Police Raid Medvedev’s Innovation Hub Over Fraud Inquiry

Russian police raided the Skolkovo innovation hub, a project championed by Prime Minister Dmitry Medvedev, a day after his speech to parliament was overshadowed by a leaked video.

Investigators talked today to the foundation’s head, billionaire Viktor Vekselberg, and other top officials, Skolkovo spokesman Roman Shcherbakov said by phone. The federal Investigative Committee’s press service confirmed that officers were searching the technology hub’s offices.

The Moscow-based law enforcement agency said in February that it was investigating the misspending of 3.5 billion rubles ($111 million) provided by the government that had been on deposit in a bank affiliated with Vekselberg.

President Vladimir Putin threatened April 16 to dismiss underperforming officials at a meeting with ministers and regional governors, according to a video leaked hours before an annual speech to lawmakers by Medvedev. The video, which was recorded during a part of the meeting that Putin had asked not to be filmed, showed the Russian leader addressing the governors during a discussion about housing, his spokesman, Dmitry Peskov, said yesterday.

‘Government Inefficiency’

The leaked warning and the raid today “are linked indirectly in the sense that they are both negative for Medvedev,” Sergei Markov, a political adviser to Putin’s staff and vice rector of the Plekhanov Russian University of Economics, said by phone. “Medvedev’s problems are increasing because of his obstinacy and the inefficiency of his government.”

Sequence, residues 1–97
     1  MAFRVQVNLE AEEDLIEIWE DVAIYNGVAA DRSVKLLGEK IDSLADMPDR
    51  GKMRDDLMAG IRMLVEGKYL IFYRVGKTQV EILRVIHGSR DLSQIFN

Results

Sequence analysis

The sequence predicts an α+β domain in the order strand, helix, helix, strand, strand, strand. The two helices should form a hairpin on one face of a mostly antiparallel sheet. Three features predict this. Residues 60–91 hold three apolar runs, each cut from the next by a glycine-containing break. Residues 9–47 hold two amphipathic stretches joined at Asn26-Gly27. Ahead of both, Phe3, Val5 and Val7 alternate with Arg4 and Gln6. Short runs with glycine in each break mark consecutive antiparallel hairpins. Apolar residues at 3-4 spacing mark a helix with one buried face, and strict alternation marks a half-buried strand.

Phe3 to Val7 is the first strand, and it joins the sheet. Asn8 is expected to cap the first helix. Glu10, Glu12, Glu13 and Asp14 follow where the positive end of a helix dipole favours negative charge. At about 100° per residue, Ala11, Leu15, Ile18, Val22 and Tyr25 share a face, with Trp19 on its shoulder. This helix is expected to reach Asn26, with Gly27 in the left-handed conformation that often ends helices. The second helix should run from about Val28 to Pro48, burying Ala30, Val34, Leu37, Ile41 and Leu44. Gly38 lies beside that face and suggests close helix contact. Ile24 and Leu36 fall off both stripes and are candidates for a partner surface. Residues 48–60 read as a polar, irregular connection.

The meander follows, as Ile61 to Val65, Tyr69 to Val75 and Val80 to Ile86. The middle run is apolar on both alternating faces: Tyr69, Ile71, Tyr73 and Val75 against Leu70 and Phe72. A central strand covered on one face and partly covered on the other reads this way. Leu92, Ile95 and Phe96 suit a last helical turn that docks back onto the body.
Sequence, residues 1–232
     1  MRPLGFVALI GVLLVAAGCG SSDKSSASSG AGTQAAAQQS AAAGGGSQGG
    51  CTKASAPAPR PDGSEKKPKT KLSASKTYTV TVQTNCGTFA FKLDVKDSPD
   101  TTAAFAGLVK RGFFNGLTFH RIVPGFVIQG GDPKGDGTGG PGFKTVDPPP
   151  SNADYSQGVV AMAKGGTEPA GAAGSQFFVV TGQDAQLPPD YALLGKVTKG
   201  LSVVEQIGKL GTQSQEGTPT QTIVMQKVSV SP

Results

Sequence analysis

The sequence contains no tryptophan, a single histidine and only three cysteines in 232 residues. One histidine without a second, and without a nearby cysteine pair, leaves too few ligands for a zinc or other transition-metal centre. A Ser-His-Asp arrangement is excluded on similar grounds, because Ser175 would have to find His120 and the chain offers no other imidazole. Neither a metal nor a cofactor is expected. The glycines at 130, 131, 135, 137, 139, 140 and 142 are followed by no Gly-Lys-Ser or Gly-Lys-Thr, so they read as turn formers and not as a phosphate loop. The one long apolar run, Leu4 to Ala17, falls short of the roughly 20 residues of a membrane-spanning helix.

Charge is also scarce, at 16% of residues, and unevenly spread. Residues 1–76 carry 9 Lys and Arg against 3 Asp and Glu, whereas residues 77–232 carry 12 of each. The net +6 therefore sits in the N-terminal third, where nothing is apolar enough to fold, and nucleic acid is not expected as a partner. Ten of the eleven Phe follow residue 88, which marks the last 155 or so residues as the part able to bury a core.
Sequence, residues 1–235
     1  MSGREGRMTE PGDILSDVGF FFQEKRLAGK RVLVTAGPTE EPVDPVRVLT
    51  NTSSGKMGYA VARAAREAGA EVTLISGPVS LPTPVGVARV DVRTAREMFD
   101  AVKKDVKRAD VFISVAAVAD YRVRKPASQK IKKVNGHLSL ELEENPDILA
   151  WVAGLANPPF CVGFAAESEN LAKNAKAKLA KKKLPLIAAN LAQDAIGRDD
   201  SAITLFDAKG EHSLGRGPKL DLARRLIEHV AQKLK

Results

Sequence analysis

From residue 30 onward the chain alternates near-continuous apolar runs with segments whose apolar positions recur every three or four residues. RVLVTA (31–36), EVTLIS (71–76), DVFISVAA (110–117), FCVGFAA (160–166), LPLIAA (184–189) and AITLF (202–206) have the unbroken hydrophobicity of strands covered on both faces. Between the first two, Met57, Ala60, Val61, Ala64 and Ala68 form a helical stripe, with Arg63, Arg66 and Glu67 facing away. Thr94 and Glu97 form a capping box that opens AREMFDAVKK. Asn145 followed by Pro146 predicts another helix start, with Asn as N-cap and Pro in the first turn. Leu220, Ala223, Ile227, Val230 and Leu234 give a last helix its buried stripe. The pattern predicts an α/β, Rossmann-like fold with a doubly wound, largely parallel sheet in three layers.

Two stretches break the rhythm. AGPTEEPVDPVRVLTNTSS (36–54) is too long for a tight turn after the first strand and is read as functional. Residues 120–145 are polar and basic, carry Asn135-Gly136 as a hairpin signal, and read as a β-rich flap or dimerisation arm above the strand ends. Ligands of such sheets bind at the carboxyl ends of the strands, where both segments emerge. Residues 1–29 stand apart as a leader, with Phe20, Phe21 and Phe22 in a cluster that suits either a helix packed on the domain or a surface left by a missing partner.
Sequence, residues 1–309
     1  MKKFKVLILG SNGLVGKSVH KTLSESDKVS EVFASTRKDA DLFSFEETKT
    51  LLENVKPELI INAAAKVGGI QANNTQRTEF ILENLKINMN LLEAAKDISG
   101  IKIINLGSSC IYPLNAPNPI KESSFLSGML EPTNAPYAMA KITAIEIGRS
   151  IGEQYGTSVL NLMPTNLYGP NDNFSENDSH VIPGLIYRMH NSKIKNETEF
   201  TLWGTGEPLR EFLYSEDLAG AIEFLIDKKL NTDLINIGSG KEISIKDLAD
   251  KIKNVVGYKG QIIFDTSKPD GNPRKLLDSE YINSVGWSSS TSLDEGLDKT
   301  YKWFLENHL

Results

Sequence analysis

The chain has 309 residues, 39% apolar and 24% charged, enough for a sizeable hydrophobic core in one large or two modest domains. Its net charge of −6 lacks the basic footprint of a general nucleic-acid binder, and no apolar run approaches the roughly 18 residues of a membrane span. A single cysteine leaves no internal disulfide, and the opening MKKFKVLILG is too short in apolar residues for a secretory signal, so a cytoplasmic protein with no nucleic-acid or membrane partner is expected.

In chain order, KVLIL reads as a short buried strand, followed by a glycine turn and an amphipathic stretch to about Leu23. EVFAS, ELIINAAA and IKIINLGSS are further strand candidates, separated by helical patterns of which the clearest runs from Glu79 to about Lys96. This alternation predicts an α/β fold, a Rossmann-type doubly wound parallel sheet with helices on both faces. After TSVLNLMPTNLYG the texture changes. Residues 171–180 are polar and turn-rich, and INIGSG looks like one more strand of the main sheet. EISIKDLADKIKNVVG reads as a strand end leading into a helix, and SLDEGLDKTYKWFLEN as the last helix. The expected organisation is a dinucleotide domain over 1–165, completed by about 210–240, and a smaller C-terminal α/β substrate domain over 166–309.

Medvedev’s spokeswoman, Natalya Timakova, didn’t immediately respond to a request for comment.

Russia’s $2 trillion economy is growing at the weakest pace since a 2009 contraction as Europe’s debt crisis curbs exports and corporate investment. Putin has told the premier to draw up measures to revive growth after Economy Minister Andrei Belousov warned that a recession is possible without stimulus.

Putin, 60, ceded the presidency after completing the maximum two consecutive terms allowed by the constitution in 2008. Medvedev, 47, became president and appointed Putin his premier, with the two swapping jobs last May after parliamentary elections that sparked the biggest protests of Putin’s political career.

Skolkovo, unveiled in 2010 and based outside Moscow, was a hallmark of Medvedev’s efforts to modernize the world’s biggest energy exporter by weaning Russia off its reliance on commodities and nurturing a knowledge-based economy that can compete globally.

To contact the reporters on this story: Ilya Arkhipov in Moscow at iarkhipov@bloomberg.net; Henry Meyer in Moscow at hmeyer4@bloomberg.net

To contact the editor responsible for this story: Balazs Penz at bpenz@bloomberg.net

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